Tech’s top ten thinkers
Visionaries, engineers, number crunchers, sociologists: technology’s top thinkers are as diverse as technology itself.
These are the ideas people, the worriers and the insightful scientists that can both imagine future directions and predict the impact that new innovations will have.
We haven’t chosen the biggest names, or those who have risen to prominence by talking a good game, because behind the scenes there are often brilliant minds with a vision for the future or engineers with a passion.
While they don’t always receive the recognition of, say, Steve Jobs or Larry Ellison, these ten are quietly shaping the technology industry in extraordinary ways.
THE BUG SWATTER: Nathan Myhrvold
Independent wealth has set Nathan Myhrvold’s mind free since leaving his role as Microsoft’s chief technology officer in 1999.
A true Renaissance man – he is a world-champion barbecue chef, a palaeontologist who has uncovered multiple T-Rex skeletons, a wildlife photographer and a hi-tech cookbook author – Myhrvold spends his days brainstorming innovations with his colleagues at venture capital firm Intellectual Ventures.
The firm makes money by licensing patented ideas and has more than 3,000 still waiting to be fully explored.“We take some of our best inventors and try to come up with ideas for solving problems in the world,” Myhrvold said at a recent Technology, Entertainment, Design (TED) conference. “And we try to solve them with dramatic, out-of-the-box ideas.”
Ideas such as using the company’s supercomputer to tackle malaria. Myhrvold’s model covered every road and village in Madagascar, and included rainfall, humidity and temperature data to predict standing pools of water where mosquitoes breed. The model mapped the mosquitoes over a year, showing their movements, and the resulting peaks in malaria infections. His team then used high-speed camera footage to capture the mosquitoes’ wing beats, targeting the insect rather than the disease itself.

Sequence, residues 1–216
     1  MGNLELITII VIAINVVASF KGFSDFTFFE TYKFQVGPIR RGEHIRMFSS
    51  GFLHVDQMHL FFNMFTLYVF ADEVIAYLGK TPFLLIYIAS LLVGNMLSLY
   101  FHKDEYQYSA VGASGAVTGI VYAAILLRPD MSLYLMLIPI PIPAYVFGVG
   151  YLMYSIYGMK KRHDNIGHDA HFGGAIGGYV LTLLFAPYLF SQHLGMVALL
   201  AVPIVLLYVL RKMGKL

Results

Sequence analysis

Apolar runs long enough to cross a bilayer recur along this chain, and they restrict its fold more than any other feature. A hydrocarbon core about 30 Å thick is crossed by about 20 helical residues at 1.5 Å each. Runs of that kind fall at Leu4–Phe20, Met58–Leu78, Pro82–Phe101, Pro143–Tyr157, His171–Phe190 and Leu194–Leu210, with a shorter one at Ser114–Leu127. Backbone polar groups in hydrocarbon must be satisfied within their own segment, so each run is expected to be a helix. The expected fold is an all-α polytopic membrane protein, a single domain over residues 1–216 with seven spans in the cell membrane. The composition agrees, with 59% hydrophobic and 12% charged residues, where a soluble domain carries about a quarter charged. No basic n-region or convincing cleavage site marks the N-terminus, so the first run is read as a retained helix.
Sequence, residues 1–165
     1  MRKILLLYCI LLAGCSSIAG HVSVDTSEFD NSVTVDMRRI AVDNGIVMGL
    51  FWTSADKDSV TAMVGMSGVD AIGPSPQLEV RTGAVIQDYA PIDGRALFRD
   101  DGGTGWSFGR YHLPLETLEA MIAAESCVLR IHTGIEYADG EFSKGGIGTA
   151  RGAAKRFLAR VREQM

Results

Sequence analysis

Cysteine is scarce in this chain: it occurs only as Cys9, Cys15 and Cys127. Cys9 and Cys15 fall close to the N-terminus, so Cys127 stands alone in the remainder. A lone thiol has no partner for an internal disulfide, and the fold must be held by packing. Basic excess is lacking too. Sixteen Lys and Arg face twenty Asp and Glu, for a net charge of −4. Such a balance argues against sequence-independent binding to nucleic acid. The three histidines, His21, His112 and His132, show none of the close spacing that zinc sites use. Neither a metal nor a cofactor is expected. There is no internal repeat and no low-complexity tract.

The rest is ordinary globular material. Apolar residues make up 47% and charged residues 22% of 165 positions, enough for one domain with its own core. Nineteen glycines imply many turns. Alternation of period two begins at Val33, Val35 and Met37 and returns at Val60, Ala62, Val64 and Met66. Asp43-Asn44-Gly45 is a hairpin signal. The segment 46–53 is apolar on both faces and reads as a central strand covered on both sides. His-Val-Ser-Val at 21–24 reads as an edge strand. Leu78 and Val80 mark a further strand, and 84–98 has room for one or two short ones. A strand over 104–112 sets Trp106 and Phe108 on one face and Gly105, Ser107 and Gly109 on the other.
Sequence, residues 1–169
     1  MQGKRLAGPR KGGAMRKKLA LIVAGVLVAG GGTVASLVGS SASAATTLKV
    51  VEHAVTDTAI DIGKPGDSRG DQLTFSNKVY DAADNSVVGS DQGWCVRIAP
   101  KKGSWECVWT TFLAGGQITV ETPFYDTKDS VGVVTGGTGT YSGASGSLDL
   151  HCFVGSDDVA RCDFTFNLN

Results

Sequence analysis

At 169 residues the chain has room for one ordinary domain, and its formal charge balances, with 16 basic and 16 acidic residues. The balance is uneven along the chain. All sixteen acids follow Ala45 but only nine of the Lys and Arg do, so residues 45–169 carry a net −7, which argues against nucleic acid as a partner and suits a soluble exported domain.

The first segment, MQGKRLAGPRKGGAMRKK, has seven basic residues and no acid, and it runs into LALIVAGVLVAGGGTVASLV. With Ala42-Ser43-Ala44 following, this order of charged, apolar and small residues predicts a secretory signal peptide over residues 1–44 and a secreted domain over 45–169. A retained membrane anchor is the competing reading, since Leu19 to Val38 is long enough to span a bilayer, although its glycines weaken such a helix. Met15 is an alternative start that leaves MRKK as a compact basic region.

Myhrvold describes how mosquitoes could be blasted out of the sky using cheap consumer electronics
Myhrvold describes how mosquitoes could be blasted out of the sky using cheap consumer electronics. “Your Blu-ray player has a very cheap blue laser in it; a scanner has a mirror galvanometer in it that can steer very accurately where a laser is aimed; and there’s signal processing in digital cameras,” he said. “What if we could put all that together to shoot them out of the sky with lasers?”
Protection from malaria is only one role for this laser battery – Myhrvold says that by shining a non-lethal laser on a bug before zapping it, the technology could identify the insect before destruction. This would offer a potential alternative to pesticides, without killing beneficial insects such as bees.
THE BIG THINKER: Urs Hölzle
When your company has datacenters the size of two football pitches, you need a big brain to keep them running smoothly. Nobody is closer to the cutting edge of this than Urs Hölzle.
An “old-school” computer scientist, Hölzle has been key in the move to massive datacenters at Google, in part due to his work writing compilers to make code work across platforms. Hölzle has reshaped the way people think about computing at scale, solving problems that have hampered mainframes for decades.
In The Datacenter as a Computer, Hölzle argued that modern datacenters were different from traditional hosting facilities and shouldn’t be viewed as a collection of co-located servers. Instead, Hölzle says it’s crucial to treat the datacenter as one warehouse-scale computer that can be tweaked to improve performance.
And in today’s green and cost-conscious environment, Hölzle is developing new ideas for choosing the type of processors and number of cores used in datacenters. Large-scale computing is least efficient when it’s doing the most regular tasks, he wrote in The Case for Energy-Proportional Computing. “Addressing this perfect mismatch will require significant rethinking of components and systems – energy proportionality should become a primary design goal.”
He has outlined how improvements in the energy profile of every system component, particularly the memory and disk subsystems, could double server efficiency.
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